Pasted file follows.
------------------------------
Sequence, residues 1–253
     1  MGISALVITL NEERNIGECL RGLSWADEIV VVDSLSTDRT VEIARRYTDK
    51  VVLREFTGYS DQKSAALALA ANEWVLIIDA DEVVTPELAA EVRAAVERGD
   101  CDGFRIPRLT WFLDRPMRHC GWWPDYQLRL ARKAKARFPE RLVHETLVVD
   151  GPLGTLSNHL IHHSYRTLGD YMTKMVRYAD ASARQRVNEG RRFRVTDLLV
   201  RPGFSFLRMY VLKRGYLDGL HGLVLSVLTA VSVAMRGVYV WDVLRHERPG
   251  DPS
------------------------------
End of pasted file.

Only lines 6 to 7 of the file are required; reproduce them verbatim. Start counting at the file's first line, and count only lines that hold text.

   201  RPGFSFLRMY VLKRGYLDGL HGLVLSVLTA VSVAMRGVYV WDVLRHERPG
   251  DPS